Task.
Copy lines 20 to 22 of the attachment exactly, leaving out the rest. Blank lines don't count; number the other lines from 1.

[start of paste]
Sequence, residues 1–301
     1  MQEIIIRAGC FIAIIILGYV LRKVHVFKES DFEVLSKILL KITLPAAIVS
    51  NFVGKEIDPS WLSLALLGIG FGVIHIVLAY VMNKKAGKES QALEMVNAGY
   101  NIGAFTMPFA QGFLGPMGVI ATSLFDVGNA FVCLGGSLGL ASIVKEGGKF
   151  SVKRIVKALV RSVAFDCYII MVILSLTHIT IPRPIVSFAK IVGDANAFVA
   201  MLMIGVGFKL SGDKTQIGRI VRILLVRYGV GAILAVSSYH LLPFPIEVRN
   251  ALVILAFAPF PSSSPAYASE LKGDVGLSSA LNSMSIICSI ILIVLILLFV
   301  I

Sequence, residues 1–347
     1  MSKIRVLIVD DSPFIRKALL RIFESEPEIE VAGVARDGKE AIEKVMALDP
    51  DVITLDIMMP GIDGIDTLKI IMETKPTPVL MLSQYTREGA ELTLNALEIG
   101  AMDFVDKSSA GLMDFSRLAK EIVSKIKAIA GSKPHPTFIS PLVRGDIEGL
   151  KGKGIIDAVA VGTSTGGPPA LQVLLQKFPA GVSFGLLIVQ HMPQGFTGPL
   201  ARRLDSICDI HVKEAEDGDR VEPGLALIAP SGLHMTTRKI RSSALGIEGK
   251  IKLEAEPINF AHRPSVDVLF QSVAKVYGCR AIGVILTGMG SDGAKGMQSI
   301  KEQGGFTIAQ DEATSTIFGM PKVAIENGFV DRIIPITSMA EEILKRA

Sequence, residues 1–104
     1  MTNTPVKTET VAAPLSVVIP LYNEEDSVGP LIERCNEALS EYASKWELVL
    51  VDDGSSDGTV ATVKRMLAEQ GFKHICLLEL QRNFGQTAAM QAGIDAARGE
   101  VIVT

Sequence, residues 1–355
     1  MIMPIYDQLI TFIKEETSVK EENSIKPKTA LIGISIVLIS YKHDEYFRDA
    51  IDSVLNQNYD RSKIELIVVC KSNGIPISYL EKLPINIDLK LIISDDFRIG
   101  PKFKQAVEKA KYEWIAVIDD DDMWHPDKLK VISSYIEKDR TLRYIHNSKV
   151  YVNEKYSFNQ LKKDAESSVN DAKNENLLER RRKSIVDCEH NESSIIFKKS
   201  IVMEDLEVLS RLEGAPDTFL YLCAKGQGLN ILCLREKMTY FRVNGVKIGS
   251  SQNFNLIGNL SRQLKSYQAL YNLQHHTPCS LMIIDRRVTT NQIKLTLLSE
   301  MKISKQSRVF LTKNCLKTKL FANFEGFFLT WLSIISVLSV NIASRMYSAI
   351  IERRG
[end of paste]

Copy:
   101  VIVT

Sequence, residues 1–355
     1  MIMPIYDQLI TFIKEETSVK EENSIKPKTA LIGISIVLIS YKHDEYFRDA